This is because new market leaders will start putting in higher highs and moving north.
I also look for stocks that are at least 50% off their lows because I’m not interested in stocks that are trending downwards – only stocks that are showing signs of growth.
You can use my 10% within 52-week high filter to do so.
Search “Michael” on the filter library and it’ll come up.
New market leaders often have high volume during accumulation
Volume is a classic tell-tale of stocks that are being both distributed and accumulated.
By filtering for high volume, you can find stocks are seeing increased amounts of shares swapping hands and this can be a potential alert for a stock that should be on your watchlist.
If you see a stock print a bottom on high volume? You know then that at the lows there was increased activity in buying shares.
If it continues to rally on high volume? That interest has not subsided.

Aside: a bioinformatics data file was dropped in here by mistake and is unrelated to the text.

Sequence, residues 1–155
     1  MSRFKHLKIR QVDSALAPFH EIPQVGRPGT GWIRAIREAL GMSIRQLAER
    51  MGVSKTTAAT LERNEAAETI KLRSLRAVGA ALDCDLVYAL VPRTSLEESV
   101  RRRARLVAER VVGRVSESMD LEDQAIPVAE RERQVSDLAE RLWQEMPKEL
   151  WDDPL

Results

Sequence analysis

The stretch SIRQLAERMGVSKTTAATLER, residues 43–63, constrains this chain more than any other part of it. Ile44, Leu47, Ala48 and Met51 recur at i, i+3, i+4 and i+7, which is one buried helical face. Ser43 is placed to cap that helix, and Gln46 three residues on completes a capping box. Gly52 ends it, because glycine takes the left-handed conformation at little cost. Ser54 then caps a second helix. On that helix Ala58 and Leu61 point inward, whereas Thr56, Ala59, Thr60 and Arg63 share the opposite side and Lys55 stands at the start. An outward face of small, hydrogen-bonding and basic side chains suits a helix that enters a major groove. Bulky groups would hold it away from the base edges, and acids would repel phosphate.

Again, you can use my volume filter to look at the previous or current day’s volume. Feel free to tinker around with the variables!
New market leaders get bought strongly in price dips
Strong support in price dips is a clear sign of interest in the stock.
If a stock rallies but pulls back sharply, then this tells us that interest in the stock is not that high (unless it was clearly heavily extended).
Ideally, we want stocks that are like tennis balls. When they fall, they bounce.
Look at individual stocks and not indices to find stock market winners
Don’t make the mistake of waiting for the indices to tell you we’re in a new early-stage bull market.
By then, it’ll be too late.
Do the work now and find the potential winners. Use appropriate filters and proper risk management and you’ll come out of the bear market a rare winner.
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This article is for educational purposes only. It is not a recommendation to buy or sell shares or other investments. Do your own research before buying or selling any investment or seek professional financial advice.